3. And I think changing tech rules mid-season is worse than changing behavior or on track behavior-related rules mid-season. Tech rules should be quite firm throughout a particular season as development costs are very high, so the main reason should be safety for a mid-season tech rule change. While human nature is very adaptive, but these adaptations can be hacky or only comply with the letter of the rules so behavior-related rule changes can be more acceptable to me.
          Cut rules mostly fell into the behavior-related category to me.

    3. I think there is a counter to Masi’s suggestion the drivers agreed to this. That would have been the drivers agreeing to the penalty being applied to this offense with them thinking in all likelihood about drivers cutting corners or the odd rare case of running wide off track that happens at some tracks. Instead though, this year we seem to have had a track limits monitored corner at every race and it feels far more than normal.

      Maybe one for the stats to figure out the number of lap times deleted this year or penalties issued for track limits and how it compares. Like the amount of safety cars we were getting, it feels like the FIA have taken a stricter view on the situation this year as a casual observer so I wonder if the stats prove that. I’m not against the enforcement of track limits in the way they have this year but if there have been far more instances then perhaps this was an issue that was not perceived before now by the drivers.

      1. @slowmo I think that is the crux of the matter, if the drivers agreed with it then they have nowhere to go unless they can prove that what they were told is wrong. On that basis they are just going to have to suck it up.

        I am a little more concerned about the length of the points being on the license for this year. What I mean here is that points accumulated early this season will need to be carried for more races before they come off due to the compressed nature of this season. Normally you would carry points for 20-22 races but it could be upto 28-30 for points collected at Austria this year depending on how the calendar looks next year.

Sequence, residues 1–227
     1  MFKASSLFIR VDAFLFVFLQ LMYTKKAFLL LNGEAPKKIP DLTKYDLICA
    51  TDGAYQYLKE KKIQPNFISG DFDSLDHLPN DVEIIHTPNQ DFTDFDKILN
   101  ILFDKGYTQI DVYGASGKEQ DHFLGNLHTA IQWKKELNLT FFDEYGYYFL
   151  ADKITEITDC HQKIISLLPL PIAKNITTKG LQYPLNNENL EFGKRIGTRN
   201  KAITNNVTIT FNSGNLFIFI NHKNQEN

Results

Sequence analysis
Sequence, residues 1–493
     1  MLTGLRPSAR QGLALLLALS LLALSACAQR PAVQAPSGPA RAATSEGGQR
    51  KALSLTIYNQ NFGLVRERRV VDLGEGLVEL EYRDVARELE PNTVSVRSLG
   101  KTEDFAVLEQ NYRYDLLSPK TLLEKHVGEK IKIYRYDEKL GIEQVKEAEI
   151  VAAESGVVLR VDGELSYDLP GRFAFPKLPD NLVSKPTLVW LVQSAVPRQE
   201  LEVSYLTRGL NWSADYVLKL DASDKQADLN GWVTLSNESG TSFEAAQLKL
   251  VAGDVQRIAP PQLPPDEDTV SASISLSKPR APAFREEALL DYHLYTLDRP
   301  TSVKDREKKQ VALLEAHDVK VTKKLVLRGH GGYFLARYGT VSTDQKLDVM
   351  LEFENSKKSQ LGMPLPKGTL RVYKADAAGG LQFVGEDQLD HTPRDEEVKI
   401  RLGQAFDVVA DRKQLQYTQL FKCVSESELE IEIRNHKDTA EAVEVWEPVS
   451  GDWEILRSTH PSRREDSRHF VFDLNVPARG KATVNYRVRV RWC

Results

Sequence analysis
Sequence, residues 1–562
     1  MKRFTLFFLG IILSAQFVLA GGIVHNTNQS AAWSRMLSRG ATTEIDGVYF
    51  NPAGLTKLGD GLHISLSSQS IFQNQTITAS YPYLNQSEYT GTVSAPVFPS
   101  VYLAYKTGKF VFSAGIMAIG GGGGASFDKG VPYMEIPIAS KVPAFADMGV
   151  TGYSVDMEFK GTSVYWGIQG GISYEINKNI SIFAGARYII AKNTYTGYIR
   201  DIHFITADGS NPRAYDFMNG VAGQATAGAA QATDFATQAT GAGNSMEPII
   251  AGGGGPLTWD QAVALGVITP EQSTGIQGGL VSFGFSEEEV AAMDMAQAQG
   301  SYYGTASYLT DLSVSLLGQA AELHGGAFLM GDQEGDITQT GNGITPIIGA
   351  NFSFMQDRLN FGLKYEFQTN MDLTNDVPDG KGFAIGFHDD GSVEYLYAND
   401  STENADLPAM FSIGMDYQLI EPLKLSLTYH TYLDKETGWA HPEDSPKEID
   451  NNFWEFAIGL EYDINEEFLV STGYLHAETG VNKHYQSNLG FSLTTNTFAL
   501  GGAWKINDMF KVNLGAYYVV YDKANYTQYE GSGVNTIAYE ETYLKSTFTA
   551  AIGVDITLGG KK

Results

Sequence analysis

1. @chimaera2003 The points coming off after one calendar year is an arbitrary timescale anyway. It doesn’t reflect how often the driver is racing and therefore how regularly they are ‘reckless’ or ‘dangerous’. It should be a set number of races/events participated in – say 20 races – which would then be consistent whether the race schedule changed or the driver were to miss races for any reason.

    4. Safety first except on the first lap. You can kill another driver and it would be 1st lap no investigation needed.

      1. Yep thats the logic even if certain red cars are shedding parts risking lives of other drivers on track.

    5. Pretty stupid to give penalty point for non dangerous track limits violations.

      Time penalty after multiple violations is fine, since you’re gaining an advantage. Penalty points should be for dangerous incidents.

      1. If you can’t keep the car on the track, you’re a danger to yourself and other people.

        Really this idea that penalty points should only be for ‘dangerous incidents’ is a red herring. The majority of sporting infractions that can be punished by penalty points are safety-related.

    6. I think a lot of people are forgetting the purpose behind the penalty points system. It was introduced to stop drivers from *repeatedly* breaking/bending the rules, race after race. As an example: if Lewis Hamilton were to purposely cut a corner while leading a race, giving him a 1-second advantage for that lap to keep a rival behind at a crucial moment mid-race (say, before a pit stop), he would be given a penalty. Let’s say it’s 5 seconds. The penalty takes away more than what he gained. So that’s enough for most drivers to keep the car on the track.

      But Hamilton is special. When you can win the race with a 20-second gap over the 2nd place driver, you can afford to waste 5 seconds if it keeps your lead. So, in the end, he didn’t really get penalized. A 5-second penalty, one time, for one infraction, is sufficient for most. But then he could do it again in the next race. And the next race. And then next.

      He’s still getting penalties, but it’s not having the desired effect of stopping the rule-breaking. That’s where the penalty points come in. Let’s say he’s ALSO given 3 points for each infraction, because it’s obvious it was done intentionally to win the race. Now if he does it a fourth time, he’s banned from a race.

      They’re not just punishing the act, but also *discouraging repeat offences*. THAT’S what the penalty points are for. Not to punish for the individual act, but to punish for the continued trend. Remember that the penalty system was introduced after a string of incidents in 2012 and 2013 (mostly from Grosjean and Maldonado) that were simply not being sufficiently handled by the penalty system at the time.